ACS Photon. (2016)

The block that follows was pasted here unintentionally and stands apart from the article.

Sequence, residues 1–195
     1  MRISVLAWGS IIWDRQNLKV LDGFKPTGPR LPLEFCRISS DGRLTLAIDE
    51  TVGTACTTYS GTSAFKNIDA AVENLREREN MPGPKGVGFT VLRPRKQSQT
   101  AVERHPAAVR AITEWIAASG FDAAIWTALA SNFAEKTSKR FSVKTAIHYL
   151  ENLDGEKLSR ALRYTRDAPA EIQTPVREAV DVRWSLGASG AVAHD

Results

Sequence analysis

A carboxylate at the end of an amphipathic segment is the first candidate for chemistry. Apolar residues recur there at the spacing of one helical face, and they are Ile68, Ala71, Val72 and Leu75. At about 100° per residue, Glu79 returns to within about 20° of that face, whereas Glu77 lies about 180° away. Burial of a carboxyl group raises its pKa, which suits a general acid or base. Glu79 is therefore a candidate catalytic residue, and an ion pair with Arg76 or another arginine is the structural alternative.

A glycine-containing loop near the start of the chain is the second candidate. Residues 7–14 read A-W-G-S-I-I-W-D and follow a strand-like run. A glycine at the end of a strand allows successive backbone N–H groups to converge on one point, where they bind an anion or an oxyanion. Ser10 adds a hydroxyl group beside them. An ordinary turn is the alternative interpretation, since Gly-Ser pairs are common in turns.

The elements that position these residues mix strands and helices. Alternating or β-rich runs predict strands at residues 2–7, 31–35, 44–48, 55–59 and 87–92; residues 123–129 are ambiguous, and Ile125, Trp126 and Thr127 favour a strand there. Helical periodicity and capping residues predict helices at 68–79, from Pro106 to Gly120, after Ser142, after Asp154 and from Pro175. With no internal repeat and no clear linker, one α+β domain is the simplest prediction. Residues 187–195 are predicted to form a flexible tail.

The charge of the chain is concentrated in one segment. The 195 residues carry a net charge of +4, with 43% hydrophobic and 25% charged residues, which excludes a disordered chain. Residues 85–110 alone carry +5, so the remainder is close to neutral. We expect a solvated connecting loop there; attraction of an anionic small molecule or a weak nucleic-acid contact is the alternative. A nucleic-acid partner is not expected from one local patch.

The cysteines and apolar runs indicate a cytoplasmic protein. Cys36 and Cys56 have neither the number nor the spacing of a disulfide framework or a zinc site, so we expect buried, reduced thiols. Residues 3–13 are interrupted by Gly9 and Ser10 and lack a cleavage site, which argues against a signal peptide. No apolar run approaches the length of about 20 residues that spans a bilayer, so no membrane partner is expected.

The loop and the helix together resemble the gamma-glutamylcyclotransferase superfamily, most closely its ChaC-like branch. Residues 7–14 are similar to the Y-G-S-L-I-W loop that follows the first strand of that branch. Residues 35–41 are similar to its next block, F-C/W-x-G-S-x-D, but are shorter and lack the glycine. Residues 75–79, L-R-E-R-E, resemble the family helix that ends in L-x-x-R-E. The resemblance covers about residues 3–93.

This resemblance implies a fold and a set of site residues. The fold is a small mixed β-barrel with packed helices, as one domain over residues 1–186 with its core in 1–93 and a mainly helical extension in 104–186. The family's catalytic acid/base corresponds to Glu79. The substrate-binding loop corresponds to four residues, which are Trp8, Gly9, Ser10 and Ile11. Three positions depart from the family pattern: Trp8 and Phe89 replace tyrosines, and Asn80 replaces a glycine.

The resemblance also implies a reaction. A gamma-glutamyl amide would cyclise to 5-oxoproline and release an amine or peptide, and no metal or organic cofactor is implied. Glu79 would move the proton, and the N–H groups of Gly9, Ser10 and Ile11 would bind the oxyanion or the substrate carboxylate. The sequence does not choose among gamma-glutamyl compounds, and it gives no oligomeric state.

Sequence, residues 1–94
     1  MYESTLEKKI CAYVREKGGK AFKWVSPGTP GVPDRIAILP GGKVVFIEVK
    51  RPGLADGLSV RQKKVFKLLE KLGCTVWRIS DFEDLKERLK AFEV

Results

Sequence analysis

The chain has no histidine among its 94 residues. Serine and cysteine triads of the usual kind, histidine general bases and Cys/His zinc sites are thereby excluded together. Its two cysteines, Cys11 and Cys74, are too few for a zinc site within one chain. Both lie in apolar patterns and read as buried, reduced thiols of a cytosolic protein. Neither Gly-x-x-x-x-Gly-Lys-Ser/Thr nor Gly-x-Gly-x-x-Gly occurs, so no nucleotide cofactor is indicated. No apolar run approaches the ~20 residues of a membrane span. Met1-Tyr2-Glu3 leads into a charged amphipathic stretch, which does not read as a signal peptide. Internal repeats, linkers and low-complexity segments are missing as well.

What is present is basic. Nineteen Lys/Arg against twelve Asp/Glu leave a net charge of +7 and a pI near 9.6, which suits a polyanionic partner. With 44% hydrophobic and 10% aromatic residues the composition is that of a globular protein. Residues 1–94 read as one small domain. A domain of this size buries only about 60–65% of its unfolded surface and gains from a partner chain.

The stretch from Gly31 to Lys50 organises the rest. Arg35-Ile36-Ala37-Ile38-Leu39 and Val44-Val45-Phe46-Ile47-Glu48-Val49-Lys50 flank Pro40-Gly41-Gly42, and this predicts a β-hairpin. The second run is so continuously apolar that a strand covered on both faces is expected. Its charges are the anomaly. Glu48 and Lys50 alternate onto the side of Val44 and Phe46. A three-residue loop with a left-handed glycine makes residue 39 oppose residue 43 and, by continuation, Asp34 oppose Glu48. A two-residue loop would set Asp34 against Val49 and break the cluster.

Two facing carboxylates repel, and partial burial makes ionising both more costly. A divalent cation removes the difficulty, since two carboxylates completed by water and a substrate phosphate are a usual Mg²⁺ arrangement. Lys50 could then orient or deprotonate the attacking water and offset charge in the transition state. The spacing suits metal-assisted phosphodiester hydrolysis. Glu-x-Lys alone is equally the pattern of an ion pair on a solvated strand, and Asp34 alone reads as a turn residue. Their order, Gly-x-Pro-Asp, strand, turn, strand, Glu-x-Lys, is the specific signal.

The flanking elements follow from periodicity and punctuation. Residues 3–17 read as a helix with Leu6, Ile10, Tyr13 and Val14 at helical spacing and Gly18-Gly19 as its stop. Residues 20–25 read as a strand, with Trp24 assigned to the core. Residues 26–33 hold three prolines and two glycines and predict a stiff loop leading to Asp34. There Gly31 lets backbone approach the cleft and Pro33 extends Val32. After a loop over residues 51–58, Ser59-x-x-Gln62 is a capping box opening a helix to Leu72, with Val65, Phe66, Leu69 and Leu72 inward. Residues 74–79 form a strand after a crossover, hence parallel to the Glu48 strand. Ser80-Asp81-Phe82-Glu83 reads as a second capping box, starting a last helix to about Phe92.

Reducing the size of acoustic detectors is important for applications such as high-resolution ultrasound imaging. Although optic-fibre-based sound sensors are being explored it is not clear if they can be made any smaller than the micrometre scale since light confinement in such structures is limited by diffraction. Now, Yaoguang Ma and colleagues from the USA and China have created a nanoscale microphone with an optical readout. The key to the idea is detecting changes in scattered light from small metal nanoparticles in the optical near-field of a nanofibre while sound waves modulate the position of the particles and thus their scattering intensity. SnO2 fibres with a refractive index of 2.1 were used to enable good optical confinement in a low-index liquid environment. A compressible polyelectrolyte layer was applied to the fibres and gold nanoparticles chemically attached. The fibres were excited by 325 nm light from a continuous-wave He–Cd laser to create broadband emission that propagates along the fibre and excites the plasmonic metal particles. Initial tests were conducted in water using an external speaker oscillating the nanoparticles, while later experiments, probing the limits of the system, used an electromagnet approach to mechanically drive the system. By monitoring the modulated scattered light from the particles, either in the far-field, or via transmission along the fibre, acoustic intensities of <10−8 W m−2 were detected by the devices with an interaction area of <4 μm2.